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The Luxury Vehicle Division Of Japanese Automaker Toyota Marketing Essay

During the late 1980s, Lexus vehicles have been consistently produced in Japan with manufacturing centered in the Chubu and Kyushu regions and in particular at Toyota's Tahara, Aichi, Chubu and Miyata, Fukuoka, Kyushu plants by Toyota Motor Corporation from the start of the operation. Toyota created Lexus as a new brand and division in order to position Toyota to enter the luxury auto segment. Toyota had no experience in producing such high-end vehicles, with their related increase in quality requirements. In order to balance weight in a front-wheel drive vehicle, the engine is aligned east to west rather than north to south as in rear-wheel drive vehicles. Such an east-west or transverse axis engine design required an extremely narrow and short gearbox for the automatic transmission.

With no experience producing automatic transmissions at the time in late 1980s and early, Toyota lacked the internal expertise to produce such a complex and unusual design in time to meet its product launch deadlines. Instead, Toyota contracted the gearbox design to an outside supplier, Aisin Seiki. As part of the contract, Aisin Seiki maintained resident staff at Toyota to meet daily with body and engine designers as changes were being made. Not only was initial product performance successful but over time Toyota was able to take over key functions through learning.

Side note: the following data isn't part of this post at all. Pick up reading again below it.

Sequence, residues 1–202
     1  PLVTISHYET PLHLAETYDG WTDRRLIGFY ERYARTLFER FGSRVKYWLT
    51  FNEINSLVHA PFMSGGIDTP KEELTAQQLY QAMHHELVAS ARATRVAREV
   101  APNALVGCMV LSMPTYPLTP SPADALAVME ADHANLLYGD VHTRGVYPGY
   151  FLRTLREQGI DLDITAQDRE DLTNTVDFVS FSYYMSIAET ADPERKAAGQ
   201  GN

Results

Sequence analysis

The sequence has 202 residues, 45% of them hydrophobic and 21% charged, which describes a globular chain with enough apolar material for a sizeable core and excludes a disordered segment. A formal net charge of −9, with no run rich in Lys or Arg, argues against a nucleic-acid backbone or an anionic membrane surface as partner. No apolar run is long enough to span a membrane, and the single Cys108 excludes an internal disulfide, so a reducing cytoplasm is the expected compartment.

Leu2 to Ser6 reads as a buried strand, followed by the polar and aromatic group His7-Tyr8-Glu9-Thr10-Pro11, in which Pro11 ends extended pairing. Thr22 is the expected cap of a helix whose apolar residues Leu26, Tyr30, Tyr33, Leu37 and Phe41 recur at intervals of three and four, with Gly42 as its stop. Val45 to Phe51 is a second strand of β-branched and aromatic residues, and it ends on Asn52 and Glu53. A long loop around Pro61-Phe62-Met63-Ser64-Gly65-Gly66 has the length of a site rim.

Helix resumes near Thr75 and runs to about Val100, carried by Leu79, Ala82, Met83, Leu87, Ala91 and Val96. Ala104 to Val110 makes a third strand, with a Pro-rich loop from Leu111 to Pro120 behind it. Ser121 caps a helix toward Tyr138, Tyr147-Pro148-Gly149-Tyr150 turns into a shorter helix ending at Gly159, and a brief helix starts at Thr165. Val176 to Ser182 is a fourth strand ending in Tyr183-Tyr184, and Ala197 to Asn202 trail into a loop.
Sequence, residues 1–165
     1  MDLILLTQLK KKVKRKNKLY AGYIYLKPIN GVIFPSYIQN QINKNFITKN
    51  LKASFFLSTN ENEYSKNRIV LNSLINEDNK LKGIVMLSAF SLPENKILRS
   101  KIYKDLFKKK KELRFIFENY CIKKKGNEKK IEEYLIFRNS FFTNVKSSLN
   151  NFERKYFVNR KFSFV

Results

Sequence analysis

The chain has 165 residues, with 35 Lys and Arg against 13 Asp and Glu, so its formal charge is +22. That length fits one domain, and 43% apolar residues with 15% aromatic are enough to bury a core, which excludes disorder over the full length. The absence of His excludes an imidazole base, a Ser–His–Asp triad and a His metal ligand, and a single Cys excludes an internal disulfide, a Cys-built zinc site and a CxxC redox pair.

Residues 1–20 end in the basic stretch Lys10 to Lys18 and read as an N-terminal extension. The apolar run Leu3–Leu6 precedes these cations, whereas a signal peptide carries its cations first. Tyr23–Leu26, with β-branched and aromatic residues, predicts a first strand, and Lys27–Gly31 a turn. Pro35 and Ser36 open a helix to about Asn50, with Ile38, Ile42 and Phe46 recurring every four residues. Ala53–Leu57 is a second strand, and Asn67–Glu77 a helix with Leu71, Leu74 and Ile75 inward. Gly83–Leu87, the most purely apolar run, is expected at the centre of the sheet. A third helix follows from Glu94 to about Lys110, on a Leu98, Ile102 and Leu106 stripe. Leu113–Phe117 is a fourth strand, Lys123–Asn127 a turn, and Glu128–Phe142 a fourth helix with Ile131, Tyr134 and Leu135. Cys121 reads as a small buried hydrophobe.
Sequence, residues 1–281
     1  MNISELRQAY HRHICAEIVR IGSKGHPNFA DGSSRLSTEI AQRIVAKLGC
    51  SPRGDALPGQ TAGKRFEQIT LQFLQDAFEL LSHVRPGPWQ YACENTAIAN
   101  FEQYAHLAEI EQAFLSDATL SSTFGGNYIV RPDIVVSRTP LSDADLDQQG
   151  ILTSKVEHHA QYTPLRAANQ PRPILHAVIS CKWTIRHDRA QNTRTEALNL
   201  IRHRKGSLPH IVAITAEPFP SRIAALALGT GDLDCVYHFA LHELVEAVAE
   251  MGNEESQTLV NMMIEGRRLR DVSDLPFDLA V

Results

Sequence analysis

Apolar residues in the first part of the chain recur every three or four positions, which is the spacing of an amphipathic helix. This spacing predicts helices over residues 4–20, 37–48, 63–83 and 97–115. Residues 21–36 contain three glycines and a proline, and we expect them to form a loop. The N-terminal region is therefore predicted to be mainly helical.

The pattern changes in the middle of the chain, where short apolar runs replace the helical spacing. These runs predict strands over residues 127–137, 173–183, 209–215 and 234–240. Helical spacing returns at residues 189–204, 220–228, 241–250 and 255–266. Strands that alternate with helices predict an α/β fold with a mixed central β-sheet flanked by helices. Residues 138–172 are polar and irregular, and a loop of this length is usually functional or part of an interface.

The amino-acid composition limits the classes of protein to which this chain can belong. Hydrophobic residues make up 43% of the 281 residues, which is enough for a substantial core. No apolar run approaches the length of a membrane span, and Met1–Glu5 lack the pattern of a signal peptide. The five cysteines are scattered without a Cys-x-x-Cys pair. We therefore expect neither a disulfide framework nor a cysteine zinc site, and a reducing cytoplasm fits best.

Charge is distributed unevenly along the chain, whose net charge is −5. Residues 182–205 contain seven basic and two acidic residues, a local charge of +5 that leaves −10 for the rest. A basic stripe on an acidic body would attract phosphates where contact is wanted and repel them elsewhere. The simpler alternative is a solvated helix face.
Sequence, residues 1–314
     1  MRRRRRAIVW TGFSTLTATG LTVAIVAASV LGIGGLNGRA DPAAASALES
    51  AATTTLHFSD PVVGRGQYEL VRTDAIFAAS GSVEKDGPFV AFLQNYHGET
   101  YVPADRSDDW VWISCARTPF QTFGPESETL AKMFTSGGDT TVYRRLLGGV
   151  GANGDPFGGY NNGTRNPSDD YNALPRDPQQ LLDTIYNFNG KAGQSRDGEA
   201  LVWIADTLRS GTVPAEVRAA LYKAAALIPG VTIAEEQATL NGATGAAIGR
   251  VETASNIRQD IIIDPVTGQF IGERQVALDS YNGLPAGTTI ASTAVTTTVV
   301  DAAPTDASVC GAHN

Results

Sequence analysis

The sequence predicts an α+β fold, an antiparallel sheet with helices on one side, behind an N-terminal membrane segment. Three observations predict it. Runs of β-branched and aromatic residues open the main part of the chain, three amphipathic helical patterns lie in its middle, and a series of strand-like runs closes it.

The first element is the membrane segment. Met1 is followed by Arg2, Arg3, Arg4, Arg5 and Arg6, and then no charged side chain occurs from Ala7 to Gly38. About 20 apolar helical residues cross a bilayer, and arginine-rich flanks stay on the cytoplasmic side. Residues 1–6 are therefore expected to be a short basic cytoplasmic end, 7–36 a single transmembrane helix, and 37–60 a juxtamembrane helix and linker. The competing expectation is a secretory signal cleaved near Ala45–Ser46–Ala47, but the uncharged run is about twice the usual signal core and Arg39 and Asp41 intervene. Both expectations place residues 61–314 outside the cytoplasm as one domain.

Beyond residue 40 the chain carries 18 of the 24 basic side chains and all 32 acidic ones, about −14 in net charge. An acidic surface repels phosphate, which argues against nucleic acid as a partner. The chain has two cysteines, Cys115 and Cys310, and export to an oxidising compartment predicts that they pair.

Toyota best known secret weapon is its brilliant and unorthodox system of manufacturing, which it pioneered during the middle of twentieth century as an alternative to traditional mass production. In 1989, Lexus was widely praised for its quietness, well-appointed and ergonomic interior, engine performance, build quality, aerodynamics, fuel economy, and value although it was criticized by some automobile columnists for derivative styling and a suspension regarded as too compromising of handling for ride comfort. The Toyota Production System (TPS) has enabled the manufacture of high-quality, reliable cars at a lower production cost. This system also has made Toyota nimble in response to fluctuating market demand and able to produce cars fast to match the orders coming in from dealers.

The initial design was extremely expensive for Toyota to produce, particularly given that Toyota was concerned about maintaining a reasonable quality level and realizing a high quality rating. To achieve these objectives, Toyota’s design relied on the use of a large number of separate parts for reinforcement and here were very few outside suppliers who could have completed the job for Toyota at a lower cost. To facilitate learning and stability, Toyota maintained a single project manager over the first two Lexus product development projects. Over time, Toyota realized significant reductions in cost alongside continuing quality improvements in terms of design and part simplicity.

Standardisation / maturity stage